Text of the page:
NewsFlash! Exciting Change May be Coming to Visa Bulletin Process

The U.S. Department of State (DOS) is reportedly working to implement a significant change to the monthly visa bulletin system, as part President Obama’s push to streamline the U.S. immigrant visa system. According to an article published in The National Law Review, the DOS plans to begin including two separate cutoff dates for each employment-based preference category. One would be an approval cutoff date, dictating when a pending adjustment of status (I-485) or immigrant visa application may be approved, based on the case’s corresponding priority date (PD). The other would be an acceptance cutoff date, indicating when an I-485 may be filed by the beneficiary, again based on the case’s PD.

The acceptance cutoff dates would presumably be significantly later dates than the approval cutoff dates in the oversubscribed visa categories, such as the employment-based, second preference (EB2) and employment-based, third preference (EB3) categories for beneficiaries born in China or India. This would allow such foreign national workers to file their respective I-485s – and make them eligible for the corresponding benefits – much earlier in the immigration process. Such benefits include the ability to apply for an employment authorization document (EAD) and, once 180 days have passed, the option to port the underlying I-140 to a new position or employer, pursuant to the American Competitiveness in the Twenty First Century Act (AC21).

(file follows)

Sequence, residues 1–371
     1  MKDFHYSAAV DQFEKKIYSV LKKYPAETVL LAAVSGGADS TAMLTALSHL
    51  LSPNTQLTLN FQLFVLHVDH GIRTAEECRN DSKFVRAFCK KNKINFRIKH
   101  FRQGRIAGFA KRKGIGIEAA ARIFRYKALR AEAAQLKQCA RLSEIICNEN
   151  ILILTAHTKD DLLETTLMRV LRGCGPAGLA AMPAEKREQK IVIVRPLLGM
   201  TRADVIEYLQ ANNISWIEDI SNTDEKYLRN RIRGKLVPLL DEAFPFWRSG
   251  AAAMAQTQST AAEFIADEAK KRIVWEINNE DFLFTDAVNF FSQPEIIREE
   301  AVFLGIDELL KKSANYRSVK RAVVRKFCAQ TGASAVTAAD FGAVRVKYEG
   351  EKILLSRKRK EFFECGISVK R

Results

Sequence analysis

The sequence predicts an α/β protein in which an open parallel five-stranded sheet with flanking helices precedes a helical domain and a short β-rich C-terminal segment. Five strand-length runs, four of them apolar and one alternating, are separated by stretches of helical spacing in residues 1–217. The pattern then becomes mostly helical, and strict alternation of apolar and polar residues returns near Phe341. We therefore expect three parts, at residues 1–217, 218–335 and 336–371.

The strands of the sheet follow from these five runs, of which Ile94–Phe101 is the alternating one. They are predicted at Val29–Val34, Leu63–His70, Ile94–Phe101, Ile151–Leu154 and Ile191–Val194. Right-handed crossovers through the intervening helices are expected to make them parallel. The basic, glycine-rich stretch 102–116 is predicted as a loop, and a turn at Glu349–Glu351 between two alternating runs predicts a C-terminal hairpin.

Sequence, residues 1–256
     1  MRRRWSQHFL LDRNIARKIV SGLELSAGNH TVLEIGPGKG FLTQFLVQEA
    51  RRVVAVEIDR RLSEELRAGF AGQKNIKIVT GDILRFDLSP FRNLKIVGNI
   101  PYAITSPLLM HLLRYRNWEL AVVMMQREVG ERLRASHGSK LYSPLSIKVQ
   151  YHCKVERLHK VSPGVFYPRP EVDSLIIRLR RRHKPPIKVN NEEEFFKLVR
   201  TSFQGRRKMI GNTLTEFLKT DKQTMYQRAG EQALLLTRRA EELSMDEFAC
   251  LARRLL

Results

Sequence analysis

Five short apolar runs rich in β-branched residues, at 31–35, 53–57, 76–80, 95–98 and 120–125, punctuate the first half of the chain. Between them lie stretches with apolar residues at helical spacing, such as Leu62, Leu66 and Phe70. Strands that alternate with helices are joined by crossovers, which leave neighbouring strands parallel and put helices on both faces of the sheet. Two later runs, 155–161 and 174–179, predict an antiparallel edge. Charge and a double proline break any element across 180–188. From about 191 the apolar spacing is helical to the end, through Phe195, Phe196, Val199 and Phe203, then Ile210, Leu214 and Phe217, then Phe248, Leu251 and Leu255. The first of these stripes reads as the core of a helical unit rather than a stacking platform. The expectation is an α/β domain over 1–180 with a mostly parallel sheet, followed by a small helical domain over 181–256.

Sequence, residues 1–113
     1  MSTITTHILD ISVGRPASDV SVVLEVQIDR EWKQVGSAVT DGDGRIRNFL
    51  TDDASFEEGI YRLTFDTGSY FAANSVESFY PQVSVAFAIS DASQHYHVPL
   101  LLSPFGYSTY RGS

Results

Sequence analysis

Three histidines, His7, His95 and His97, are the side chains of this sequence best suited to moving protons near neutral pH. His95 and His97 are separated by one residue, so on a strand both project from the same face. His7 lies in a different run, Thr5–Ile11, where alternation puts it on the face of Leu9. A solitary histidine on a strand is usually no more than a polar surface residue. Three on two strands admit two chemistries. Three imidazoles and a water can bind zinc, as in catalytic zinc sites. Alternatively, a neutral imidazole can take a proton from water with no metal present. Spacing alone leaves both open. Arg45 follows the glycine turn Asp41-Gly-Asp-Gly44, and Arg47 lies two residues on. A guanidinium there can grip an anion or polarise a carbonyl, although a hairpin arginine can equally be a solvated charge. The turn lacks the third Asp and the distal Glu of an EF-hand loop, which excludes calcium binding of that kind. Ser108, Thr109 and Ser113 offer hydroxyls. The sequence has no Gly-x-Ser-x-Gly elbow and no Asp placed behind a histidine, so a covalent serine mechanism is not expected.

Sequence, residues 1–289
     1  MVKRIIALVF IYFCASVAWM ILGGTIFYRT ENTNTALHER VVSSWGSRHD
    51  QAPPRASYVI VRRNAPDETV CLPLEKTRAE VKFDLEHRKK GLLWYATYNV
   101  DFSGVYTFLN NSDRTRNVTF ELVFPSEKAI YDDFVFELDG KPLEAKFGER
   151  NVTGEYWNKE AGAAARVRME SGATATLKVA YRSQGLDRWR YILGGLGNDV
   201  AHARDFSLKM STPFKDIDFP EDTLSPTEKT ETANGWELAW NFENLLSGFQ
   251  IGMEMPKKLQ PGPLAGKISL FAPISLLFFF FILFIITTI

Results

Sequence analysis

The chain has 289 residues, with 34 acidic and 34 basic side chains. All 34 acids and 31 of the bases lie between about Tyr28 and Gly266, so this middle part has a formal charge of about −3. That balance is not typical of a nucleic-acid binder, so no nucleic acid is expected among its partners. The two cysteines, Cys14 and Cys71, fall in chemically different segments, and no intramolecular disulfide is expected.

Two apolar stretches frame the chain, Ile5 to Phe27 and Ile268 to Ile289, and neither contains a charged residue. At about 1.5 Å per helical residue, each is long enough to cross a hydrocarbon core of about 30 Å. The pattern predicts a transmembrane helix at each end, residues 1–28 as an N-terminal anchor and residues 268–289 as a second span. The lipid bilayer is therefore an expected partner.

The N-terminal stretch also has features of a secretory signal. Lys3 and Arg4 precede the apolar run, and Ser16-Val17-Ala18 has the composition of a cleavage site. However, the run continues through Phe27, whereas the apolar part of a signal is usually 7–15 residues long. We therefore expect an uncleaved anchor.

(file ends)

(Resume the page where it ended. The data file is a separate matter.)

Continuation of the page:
While this report is intriguing, it is important to understand that it has yet to be officially confirmed. Further, even if it is entirely accurate, the only timeline provided is that the proposal may be unveiled in the “near future.” The Murthy Law Firm will continue to closely track these developments and report any updates on MurthyDotComSubscribe to the free MurthyBulletin  to remain informed on this exciting news.


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Disclaimer: The information provided here is of a general nature and may not apply to any specific or particular circumstance. It is not to be construed as legal advice nor presumed indefinitely up to date.